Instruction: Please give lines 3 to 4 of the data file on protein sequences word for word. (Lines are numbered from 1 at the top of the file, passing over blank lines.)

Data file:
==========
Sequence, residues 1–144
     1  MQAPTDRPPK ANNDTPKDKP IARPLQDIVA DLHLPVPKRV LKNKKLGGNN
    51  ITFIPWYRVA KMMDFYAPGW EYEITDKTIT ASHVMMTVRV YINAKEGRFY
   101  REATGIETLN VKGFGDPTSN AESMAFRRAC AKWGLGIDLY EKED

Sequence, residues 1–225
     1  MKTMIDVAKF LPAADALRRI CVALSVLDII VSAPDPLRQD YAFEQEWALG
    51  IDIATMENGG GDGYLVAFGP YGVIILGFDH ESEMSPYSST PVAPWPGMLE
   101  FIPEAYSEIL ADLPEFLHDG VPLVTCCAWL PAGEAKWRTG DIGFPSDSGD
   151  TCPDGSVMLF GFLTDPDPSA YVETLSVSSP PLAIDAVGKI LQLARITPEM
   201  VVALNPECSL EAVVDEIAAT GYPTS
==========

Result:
    51  ITFIPWYRVA KMMDFYAPGW EYEITDKTIT ASHVMMTVRV YINAKEGRFY
   101  REATGIETLN VKGFGDPTSN AESMAFRRAC AKWGLGIDLY EKED